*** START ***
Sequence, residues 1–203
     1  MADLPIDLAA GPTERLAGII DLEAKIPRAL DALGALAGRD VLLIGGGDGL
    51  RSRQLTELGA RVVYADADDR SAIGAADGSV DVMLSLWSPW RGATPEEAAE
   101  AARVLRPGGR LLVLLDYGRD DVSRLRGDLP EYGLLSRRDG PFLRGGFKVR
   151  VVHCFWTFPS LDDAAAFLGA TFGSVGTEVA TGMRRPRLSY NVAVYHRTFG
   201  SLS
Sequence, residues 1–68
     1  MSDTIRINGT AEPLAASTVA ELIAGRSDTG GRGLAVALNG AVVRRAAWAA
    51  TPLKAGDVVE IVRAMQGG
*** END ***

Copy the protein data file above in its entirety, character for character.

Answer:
Sequence, residues 1–203
     1  MADLPIDLAA GPTERLAGII DLEAKIPRAL DALGALAGRD VLLIGGGDGL
    51  RSRQLTELGA RVVYADADDR SAIGAADGSV DVMLSLWSPW RGATPEEAAE
   101  AARVLRPGGR LLVLLDYGRD DVSRLRGDLP EYGLLSRRDG PFLRGGFKVR
   151  VVHCFWTFPS LDDAAAFLGA TFGSVGTEVA TGMRRPRLSY NVAVYHRTFG
   201  SLS
Sequence, residues 1–68
     1  MSDTIRINGT AEPLAASTVA ELIAGRSDTG GRGLAVALNG AVVRRAAWAA
    51  TPLKAGDVVE IVRAMQGG